Ok, that's out of the way. Now everyone who read's Fox News' commentary has been taken care of. By the way, I've realized what bugs me so much about Fox. It isn't their obviously (and frankly, to their credit, rather openly) biased coverage. Rather it is the way they try to bill themselves as some sort of underground alternative coverage with all that "mainstream media" lingo they use when attacking other people's viewpoints. I mean let's get serious. The FOX network isn't some dude with a talk show on AM radio during safe harbor hours or some guy broadcasting with an HF rig from the middle of Montana. It is one of the big four television networks with a carefully calculated strategy of playing to a particular market. Anyway, that's that. Just had to say something.

On to President Obama and his particular moves. For anyone interested, here are transcripts of two recent significant (and quite linked) speeches of his.

Presidential "victory" speech:

http://www.npr.org/templates/story/story.php?storyId=96624326

Inaugural speech:

http://www.npr.org/templates/story/story.php?storyId=99590481

Read (or better yet, listen to) both of them. Or just read on if you want to. But my first thought here is a compare and contrast. A commentator (didn't catch the name) on NPR was talking about the comparitively somber tone of the inaugural speech, devoid as it was of the flourishes ("singing" as the commentator kept confusingly putting it) and tricks like the repeating "yes we can" motif used in the victor speech. The acceptance speech is a celebration -- while it acknowledges the challenges ahead, they are as yet distant (months away). This is the time to look back on what has been done, the transformation that this nation has undergone, the progress the world has made, and the remarkable place in history which we all inhabit.

It was, in many ways, an introverted and retrospective speech. When we are successful, we tend to look to ourselves (and those close to us) and say "well done!" We tend to look back on the moments that helped define that success. The crowd is excited, because they have given their time and energy to this cause, and so they deserve time to celebrate. It is their night and it is Barack Obama's night.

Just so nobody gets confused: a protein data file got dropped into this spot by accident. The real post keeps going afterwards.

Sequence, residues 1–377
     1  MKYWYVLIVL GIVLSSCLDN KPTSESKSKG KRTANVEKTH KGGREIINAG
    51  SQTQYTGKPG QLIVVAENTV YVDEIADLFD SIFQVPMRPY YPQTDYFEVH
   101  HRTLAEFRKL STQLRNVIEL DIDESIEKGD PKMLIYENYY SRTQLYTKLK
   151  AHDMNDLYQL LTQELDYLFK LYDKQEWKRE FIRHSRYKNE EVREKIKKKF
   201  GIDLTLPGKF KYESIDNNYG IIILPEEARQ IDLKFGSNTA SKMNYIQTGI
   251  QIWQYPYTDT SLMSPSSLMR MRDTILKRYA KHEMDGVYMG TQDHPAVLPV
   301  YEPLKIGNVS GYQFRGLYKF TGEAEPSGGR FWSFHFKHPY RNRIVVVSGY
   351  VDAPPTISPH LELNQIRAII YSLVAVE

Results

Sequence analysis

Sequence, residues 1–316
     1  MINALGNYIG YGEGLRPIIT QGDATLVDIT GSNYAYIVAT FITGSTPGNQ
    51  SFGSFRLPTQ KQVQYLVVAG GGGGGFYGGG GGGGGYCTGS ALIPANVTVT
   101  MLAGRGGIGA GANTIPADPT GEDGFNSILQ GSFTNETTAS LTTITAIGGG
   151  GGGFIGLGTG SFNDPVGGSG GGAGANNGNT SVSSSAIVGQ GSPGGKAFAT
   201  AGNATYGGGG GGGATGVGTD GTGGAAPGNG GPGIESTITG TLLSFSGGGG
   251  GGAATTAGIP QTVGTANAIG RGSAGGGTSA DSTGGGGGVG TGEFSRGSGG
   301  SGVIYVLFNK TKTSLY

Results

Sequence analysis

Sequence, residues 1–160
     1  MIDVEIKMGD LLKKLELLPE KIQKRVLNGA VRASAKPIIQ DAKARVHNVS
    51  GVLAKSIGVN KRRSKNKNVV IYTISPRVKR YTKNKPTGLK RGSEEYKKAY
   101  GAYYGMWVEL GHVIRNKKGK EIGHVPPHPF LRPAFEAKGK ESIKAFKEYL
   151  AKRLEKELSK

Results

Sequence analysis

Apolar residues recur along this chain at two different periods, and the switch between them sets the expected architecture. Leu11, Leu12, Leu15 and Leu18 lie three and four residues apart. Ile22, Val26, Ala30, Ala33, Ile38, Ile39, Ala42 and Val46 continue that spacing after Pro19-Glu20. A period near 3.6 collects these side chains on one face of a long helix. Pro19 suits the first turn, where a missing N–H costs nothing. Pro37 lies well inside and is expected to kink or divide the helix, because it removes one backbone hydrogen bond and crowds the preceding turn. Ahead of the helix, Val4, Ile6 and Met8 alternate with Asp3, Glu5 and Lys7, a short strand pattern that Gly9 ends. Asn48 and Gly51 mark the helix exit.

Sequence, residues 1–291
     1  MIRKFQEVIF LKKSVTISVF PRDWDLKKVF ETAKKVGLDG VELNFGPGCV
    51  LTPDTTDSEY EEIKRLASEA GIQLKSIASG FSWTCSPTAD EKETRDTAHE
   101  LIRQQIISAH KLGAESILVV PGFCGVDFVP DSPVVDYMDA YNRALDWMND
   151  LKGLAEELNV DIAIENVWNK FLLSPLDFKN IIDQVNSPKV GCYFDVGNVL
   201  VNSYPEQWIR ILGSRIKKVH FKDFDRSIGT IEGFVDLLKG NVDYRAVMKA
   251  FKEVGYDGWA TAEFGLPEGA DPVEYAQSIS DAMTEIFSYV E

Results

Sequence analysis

The second speech, the inaugural speech, differs in several ways. It is shorter. It is more somber (count the applause -- and notice that there are situations where Obama speaks over the crowd, silencing potential cheers, rather than letting them go or even encouraging them as he did the other night). Personally, I'm not sure somber is exactly the word, though I know it is a descriptor other analysts have used. It is more workmanlike, I suppose. It is a speech used as a tool, much as Churchill would have. It is a speech intended to set a tone and a tenor for the coming four years.

Party time's over, that much is clear. The victory now lies months back and the challenge is immediate. The speech is concise so that it may be quoted, read, and repeated. It is extraverted in as much as it is sending a message OUT from the president to the people of his nation and to the peoples and nations of the world in general. It is forward looking in as much as it seeks to define what will come, and not what has passed. History plays a role, but as a reference to which the challenges of the present and future are compared. "We overcame those, therefore I know we can overcome these" instead of "we overcame those, ain't we grand!"

It is also not a speech by Barack Obama, as the "victory" speech was. It was a speech by the President of the United States, and as such a tool of statescraft carrying messages of cooperation, strength, hope, and threat to people, idiologies (to get a little Huntington-esque), and governments around the world. The difference is subtle but important, and the presence of this shift tells me a lot about Obama's attitude towards his job. The Office of the President may be the most consuming, identity devouring job in the world, but it remains important to separate personal feelings from the necessary decisions of the head of state. We elect our presidents partially because of their values and attitudes, but I at least also hope that they possess a certain professional distance, a degree of cool remove and objective analysis.

This speech was also an attempt to turn the page on an old presidency, years of war, and months of economic decline (feel free to say "years of economic decline" if you want, there is much evidence and argument to support you, but the real hit of the crisis only came to most of us within 2008). The speech turns this page with an admonishment -- a risky move I think. No one likes to be told (even indirectly) that they were irresponsible or careless. But to have your errors pointed out is also to have the path to recovery illuminated.